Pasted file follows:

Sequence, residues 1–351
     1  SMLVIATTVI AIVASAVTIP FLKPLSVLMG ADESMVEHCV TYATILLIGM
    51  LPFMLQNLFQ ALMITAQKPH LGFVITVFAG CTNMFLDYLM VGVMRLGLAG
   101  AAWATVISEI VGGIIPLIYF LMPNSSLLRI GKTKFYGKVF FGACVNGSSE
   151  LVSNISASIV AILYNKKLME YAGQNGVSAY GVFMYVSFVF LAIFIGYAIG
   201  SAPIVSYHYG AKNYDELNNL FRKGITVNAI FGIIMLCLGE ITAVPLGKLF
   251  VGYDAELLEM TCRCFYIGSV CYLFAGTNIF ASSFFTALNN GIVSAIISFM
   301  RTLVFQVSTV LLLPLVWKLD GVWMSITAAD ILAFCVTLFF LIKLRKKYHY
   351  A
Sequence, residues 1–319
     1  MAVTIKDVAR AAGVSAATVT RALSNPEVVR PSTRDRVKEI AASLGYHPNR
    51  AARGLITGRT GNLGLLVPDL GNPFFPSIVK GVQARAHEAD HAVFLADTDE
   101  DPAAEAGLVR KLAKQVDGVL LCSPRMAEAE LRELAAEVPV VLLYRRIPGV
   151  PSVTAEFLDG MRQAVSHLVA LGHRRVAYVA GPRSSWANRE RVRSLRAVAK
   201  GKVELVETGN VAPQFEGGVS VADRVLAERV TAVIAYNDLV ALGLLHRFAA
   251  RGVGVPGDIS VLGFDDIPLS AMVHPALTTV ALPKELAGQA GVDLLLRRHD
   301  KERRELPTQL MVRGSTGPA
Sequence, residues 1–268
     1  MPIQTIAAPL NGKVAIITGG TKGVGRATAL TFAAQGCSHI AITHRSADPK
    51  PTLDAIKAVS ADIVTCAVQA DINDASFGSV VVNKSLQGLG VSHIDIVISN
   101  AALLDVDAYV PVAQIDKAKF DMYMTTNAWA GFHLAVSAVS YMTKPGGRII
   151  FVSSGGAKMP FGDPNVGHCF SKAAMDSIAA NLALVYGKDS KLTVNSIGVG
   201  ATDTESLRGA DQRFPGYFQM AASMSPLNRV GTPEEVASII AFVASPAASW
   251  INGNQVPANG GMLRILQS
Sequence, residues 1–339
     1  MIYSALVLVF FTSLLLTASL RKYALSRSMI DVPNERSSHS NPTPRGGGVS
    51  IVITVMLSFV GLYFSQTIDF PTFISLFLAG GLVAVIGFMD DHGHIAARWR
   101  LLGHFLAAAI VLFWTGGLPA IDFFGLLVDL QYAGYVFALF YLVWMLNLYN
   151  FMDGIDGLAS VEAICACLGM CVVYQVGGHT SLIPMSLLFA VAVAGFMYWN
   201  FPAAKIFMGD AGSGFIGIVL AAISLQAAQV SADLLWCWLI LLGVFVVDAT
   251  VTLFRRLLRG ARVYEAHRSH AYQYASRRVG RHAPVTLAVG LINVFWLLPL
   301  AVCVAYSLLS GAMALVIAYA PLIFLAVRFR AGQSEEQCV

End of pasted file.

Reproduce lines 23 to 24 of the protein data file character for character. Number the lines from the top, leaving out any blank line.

   201  ATDTESLRGA DQRFPGYFQM AASMSPLNRV GTPEEVASII AFVASPAASW
   251  INGNQVPANG GMLRILQS